In this context, Cuba will raise the following issues:

  • Solving the inability of the Cuban Interests Section in Washington, D.C. to obtain banking services;
  • Ending the U.S. designation of Cuba as a “State Sponsor or Terrorism;”
  • Ending the U.S. blockade [or embargo] of Cuba and providing Cuba with “compensation for damages for a policy that has been in place for over 50 years.” (At the U.N. General Assembly meeting in October 2014, Cuba claimed that the damages were $1.1 trillion.)

These issues, the source admitted, obviously cannot be resolved at the one-day meeting this week.

Reactions

I agree that certain U.S. laws relating to Cubans’ ability to gain legal immigration status in the U.S. need to be changed if there is to be full normalization and reconciliation. This includes the so-called “wet foot/dry foot” policy whereby a Cuban who is on U.S. land is entitled to such legal status, but if a Cuban is apprehended by U.S. authorities on the high seas, he is not so entitled. So too the U.S. program for granting immigration parole to Cuban professional medical personnel needs to be ended, as recommended by a New York Times editorial and by this blogger last November. (Whether these changes may be done by the President’s executive order or whether it takes congressional action has not been investigated by this blogger.)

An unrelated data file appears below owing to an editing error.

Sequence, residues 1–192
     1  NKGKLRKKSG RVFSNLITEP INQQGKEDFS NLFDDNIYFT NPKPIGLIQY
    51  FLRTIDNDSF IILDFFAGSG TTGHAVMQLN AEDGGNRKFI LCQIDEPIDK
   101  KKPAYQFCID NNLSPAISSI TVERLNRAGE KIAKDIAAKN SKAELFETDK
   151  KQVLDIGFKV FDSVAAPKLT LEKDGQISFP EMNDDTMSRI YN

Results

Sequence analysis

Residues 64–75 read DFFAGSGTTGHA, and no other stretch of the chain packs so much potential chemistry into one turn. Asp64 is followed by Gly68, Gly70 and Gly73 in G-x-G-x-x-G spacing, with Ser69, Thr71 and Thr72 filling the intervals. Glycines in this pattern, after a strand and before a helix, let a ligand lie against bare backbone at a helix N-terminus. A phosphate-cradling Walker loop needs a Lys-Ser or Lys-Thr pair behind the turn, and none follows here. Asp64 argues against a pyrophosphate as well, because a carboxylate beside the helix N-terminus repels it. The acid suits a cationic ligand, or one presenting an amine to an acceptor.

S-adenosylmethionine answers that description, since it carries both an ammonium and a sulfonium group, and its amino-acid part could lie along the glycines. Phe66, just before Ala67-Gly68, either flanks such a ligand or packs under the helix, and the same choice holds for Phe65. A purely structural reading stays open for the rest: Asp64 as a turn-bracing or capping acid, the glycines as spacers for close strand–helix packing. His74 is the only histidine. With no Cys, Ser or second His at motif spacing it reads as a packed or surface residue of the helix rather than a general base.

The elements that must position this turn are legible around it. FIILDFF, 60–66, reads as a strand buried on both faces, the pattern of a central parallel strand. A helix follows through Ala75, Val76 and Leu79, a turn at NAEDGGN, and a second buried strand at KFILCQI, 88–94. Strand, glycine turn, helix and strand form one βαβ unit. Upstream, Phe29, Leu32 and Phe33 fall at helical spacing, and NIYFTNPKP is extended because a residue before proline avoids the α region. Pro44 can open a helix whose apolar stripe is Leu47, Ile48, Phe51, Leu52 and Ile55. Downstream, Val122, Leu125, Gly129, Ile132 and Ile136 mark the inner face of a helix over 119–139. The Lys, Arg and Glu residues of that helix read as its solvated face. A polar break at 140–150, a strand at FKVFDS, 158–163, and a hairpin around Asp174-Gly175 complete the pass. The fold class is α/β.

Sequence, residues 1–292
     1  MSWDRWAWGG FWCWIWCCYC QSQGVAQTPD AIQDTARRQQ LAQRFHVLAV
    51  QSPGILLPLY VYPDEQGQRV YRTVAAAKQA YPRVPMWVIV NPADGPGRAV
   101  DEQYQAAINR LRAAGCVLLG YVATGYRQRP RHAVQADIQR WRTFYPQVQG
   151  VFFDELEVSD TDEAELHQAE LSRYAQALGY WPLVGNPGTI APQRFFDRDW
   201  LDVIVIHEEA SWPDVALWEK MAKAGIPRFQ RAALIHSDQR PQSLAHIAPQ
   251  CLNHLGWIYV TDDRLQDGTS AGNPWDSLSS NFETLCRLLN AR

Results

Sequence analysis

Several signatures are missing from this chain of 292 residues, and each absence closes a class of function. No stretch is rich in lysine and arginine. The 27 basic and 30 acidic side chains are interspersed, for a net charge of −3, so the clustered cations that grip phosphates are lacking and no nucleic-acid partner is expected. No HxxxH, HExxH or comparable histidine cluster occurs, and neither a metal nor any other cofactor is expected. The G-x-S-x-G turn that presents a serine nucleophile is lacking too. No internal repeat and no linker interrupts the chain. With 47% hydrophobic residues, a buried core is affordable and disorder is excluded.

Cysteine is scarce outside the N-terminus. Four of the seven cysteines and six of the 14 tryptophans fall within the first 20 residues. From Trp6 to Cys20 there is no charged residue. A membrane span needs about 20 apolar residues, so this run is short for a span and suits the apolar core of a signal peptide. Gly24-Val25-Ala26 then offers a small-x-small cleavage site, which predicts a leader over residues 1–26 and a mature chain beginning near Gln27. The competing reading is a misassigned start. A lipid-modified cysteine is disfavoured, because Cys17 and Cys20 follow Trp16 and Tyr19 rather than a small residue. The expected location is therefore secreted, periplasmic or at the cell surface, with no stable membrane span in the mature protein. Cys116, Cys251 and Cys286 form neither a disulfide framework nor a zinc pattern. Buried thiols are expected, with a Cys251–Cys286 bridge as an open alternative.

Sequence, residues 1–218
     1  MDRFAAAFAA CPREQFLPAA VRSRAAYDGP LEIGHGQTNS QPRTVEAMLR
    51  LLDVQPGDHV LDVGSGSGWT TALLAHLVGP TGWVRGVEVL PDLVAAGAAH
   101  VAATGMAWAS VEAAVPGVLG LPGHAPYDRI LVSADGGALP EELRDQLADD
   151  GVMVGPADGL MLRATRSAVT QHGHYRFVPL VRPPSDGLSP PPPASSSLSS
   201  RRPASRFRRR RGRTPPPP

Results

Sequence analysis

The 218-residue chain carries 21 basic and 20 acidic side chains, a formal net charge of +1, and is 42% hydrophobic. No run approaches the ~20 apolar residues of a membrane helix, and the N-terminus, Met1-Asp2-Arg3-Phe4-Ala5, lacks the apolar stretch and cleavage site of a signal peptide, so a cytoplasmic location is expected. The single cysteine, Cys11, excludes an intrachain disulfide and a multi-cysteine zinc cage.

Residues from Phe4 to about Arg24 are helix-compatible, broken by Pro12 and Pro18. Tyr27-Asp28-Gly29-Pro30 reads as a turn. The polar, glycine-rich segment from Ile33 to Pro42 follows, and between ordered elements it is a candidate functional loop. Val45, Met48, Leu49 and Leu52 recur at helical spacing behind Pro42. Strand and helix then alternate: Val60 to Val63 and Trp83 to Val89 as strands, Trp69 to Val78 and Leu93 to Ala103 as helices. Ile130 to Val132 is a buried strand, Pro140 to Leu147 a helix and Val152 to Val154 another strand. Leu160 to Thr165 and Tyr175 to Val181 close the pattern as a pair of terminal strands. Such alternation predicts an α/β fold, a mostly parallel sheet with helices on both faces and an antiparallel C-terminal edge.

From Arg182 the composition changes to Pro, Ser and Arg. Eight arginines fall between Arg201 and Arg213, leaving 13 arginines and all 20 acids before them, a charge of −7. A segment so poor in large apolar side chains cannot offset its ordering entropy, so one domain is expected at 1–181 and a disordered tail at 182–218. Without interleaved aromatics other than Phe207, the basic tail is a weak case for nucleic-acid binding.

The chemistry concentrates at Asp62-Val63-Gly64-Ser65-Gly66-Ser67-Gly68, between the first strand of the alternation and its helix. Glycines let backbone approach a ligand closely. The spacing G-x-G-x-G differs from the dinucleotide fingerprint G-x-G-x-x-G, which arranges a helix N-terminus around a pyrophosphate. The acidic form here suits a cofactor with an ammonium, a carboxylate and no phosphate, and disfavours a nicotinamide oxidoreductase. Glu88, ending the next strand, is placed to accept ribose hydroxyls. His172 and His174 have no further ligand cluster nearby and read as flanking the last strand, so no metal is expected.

The U.S. repeatedly has insisted that issues of Cuban human rights and civil society need to be addressed, and the Cuban Foreign Ministry spokesperson said his country was prepared to do that so long as Cuba’s concerns about human rights in the U.S. are addressed. I agree that there should be mutuality in any such discussion.

I also agree that the restoration of normal diplomatic relations needs to be based on what should be the following noncontroversial principles of the U.N. Charter and the Vienna Conventions on Diplomatic and Consular Relations: